The Goddess Brighid, Crosses And Imbolc

Still there are FlameKeepers who tend the sacred flame of Brighid on a 20 day cycle – 19 shifts, plus one day upon which Brighid tends the flame herself.

Brighid's Cross for Imbolc
Brighid’s Cross for Imbolc

Photo by Amanda Slater under Creative Commons ShareAlike License 2.0

Brigid’s , Brighid’s, or Brigit’s cross, also with the “Saint” prefix, or (in the Irish language) Cros Bríde, Crosóg Bríde or Bogha Bríde, though not recorded before the seventeenth century, is an Irish symbol. Though regarded as a Christian symbol, it may possibly derive from the pagan sunwheel and is sometimes mistaken as such. It is typically made from rushes or, less often, straw. For kids crafting activities, we’ve even made them from colorful pipe cleaners with good effect. It is comprised of a woven square in the center and four radials tied off at the ends.
Brigid’s crosses are associated with Brigid of Kildare, who is venerated as one of the patron saints of Ireland. The crosses are traditionally made on February 1st, which in Irish Gaelic (Gaeilge) (is called Lá Fhéile Bhríde (St. Brigid’s feast day), the day of her celebration. This feast coincides with the more ancient one of her pagan namesake, one of pagan Ireland’s most important Goddesses. Brigid, is associated with fire, healing and holy wells, blacksmithing, crafts and poetry. Her feast day celebrates the earliest stirrings of Spring, and is called Imbolc. Many rituals are associated with the making of the crosses. It was traditionally believed that a Brigid’s Cross protects the house from fire and evil. It is hung in many Irish and Irish-American homes for this purpose.

She is, perhaps,  one of the most complex and contradictory Goddesses of the Celtic people. Brigid can, in many ways,  be seen as the most powerful religious figure in all of Irish history. Numerous layers of separate traditions have been interwoven, producing Her story and impact on generations of those who venerate her. She moves effortlessly down through the centuries and has succeeded in travelling intact through time, fulfilling different roles in various times.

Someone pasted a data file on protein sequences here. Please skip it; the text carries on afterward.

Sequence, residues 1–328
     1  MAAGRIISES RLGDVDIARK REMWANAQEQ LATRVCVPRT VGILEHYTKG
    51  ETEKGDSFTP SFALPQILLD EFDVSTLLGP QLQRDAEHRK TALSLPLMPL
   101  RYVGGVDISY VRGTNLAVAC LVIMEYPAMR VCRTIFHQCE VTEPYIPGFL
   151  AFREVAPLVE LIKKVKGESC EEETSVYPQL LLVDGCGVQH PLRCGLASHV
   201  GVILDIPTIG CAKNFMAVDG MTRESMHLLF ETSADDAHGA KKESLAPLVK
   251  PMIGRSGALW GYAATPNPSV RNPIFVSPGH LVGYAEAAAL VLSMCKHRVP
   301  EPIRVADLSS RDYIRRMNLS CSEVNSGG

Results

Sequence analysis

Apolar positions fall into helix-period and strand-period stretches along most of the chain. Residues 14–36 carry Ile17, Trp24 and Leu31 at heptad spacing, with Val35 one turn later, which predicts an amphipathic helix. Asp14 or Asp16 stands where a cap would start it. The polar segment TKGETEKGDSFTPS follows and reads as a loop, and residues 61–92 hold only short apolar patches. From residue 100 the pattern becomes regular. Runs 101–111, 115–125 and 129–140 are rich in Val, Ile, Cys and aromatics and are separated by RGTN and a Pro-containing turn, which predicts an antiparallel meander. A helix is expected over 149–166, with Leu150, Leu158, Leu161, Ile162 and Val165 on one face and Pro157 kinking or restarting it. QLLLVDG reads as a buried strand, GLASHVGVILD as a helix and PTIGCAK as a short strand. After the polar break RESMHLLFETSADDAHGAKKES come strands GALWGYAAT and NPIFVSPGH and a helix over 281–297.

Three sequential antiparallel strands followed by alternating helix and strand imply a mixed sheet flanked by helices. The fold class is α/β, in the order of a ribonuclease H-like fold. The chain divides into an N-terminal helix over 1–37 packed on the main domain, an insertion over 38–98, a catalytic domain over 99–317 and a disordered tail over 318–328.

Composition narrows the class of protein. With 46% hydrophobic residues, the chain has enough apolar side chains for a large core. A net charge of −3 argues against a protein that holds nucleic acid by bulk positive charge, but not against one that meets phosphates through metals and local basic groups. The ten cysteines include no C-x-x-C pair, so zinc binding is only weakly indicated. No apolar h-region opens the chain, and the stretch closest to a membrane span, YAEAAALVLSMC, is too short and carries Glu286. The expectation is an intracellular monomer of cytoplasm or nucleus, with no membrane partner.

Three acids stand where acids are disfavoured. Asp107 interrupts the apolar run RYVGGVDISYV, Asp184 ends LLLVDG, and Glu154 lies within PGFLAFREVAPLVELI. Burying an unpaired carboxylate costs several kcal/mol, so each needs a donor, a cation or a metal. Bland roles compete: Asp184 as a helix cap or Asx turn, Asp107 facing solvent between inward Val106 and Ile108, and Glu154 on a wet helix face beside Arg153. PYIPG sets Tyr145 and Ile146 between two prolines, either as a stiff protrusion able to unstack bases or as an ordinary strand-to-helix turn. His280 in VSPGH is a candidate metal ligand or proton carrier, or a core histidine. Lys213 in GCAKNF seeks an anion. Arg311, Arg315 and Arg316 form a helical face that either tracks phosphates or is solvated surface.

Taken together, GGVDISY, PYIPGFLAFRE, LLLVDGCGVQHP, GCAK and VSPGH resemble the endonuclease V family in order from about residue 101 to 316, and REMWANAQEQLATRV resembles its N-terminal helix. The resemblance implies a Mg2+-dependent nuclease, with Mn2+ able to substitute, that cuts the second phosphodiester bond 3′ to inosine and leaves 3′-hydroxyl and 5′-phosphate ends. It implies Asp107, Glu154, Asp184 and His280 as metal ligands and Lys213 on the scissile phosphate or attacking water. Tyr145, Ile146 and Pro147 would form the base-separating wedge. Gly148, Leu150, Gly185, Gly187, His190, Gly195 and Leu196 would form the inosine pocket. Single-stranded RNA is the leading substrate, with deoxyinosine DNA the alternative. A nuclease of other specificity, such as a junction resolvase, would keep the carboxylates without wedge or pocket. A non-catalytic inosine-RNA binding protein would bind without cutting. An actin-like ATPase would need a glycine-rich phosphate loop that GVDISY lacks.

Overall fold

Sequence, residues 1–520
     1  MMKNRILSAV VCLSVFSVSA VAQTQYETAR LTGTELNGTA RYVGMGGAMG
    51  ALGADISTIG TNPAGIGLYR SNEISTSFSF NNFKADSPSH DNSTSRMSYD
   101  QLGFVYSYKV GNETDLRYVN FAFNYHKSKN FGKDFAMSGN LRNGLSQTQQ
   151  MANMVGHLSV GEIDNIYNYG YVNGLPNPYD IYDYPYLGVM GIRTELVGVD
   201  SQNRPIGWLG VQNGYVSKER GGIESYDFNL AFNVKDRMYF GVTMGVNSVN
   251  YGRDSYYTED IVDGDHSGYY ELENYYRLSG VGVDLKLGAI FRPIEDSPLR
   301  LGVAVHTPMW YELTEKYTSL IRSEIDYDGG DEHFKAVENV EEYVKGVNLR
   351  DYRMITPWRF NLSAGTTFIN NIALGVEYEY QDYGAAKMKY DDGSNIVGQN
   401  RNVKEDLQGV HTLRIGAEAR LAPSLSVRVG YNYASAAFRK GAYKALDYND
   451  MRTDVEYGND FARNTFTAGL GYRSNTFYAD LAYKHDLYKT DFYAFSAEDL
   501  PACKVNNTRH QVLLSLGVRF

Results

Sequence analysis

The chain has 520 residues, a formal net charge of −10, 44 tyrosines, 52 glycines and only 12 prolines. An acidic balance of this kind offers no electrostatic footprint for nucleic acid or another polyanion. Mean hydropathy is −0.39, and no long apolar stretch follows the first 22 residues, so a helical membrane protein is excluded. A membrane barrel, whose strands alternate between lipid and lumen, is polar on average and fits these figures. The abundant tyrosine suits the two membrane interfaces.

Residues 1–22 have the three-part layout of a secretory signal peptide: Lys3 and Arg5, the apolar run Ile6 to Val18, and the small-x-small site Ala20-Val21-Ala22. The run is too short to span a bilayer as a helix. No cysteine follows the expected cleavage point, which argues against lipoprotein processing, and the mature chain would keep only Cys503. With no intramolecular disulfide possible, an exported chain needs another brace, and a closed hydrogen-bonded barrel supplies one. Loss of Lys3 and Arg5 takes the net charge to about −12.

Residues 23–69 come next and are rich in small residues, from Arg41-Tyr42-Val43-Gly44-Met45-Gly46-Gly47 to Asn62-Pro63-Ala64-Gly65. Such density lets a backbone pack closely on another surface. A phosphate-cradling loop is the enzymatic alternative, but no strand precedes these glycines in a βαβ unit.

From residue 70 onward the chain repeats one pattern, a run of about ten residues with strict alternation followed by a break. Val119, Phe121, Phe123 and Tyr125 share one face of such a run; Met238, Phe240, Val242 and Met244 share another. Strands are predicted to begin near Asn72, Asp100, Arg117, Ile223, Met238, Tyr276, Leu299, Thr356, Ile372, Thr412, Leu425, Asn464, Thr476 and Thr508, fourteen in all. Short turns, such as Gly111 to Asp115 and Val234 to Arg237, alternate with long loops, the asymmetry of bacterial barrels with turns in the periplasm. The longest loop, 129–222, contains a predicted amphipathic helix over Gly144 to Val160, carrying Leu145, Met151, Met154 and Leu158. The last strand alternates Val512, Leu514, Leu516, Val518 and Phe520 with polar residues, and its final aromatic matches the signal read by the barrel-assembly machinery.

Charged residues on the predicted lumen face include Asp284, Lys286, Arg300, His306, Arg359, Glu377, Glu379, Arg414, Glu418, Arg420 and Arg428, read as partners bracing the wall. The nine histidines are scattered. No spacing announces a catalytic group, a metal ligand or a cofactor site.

Sé do bheatha a Bhríghid, bandia na beatha. (Here is your life, Brighid, Goddess of Life.) – Pádraigín Ní Uallachaín

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Blessings Of Brigit Of The Twining Hair

My patron goddess Brigit is the exalted one and a goddess of pre-Christian Ireland. Her stories are told in Irish folklore acknowledging her as a member of the Tuatha Dé Danann and a daughter of the Dagda as well as a wife of Bres, with whom she had a son named Ruadán.

She is associated with the coming of spring season, fertility, healing, poetry and smithcraft.  According to Cormac’s Glossary which was written in the 10th century by Christian monks she is also “the goddess whom poets adored” and that she has two other aspects as Brigid the healer and Brigid the smith. The Christianized version of her, Saint Brigid shares many of the goddess’s attributes and her feast day was originally a pagan festival (Imbolc) marking the beginning of spring.

Goddess Brighid, Brigit, Brigidm Brig or Bride.
Goddess Brighid

The above is a statue I use on my own altar as a representation of my goddess while making offerings and honoring her.


Brigit, daughter of the Daghda, daughter of Dugall the Brown, Son of Aodh, Son of Art, Son of Conn, son of Criara son of Carbre son of Cas, son of Cormac son of Cartach son of Conn.

Brigit of the mantles
Brigit of the peat-heap
Brigit of the twining hair
Brigit of the augury.

Brighid of the white feet
Brighid of the smithcraft
Brighid of the white palms
Brighid of the poetry.

Brigid the Goddess
Brigid of the Spirit
Brigid of the fairy-mound
Brigid of Essence.

Brig of the moon
Brig of the healing
Brig of the common fire
Brig of the Fairy Woman.

No sun shall burn me
No fire shall burn me
No beam shall burn me
No mon shal burn me.

No river shall drown me
No brine shall drown me
No flood shall drown me
No water shall drown me.

– The Moors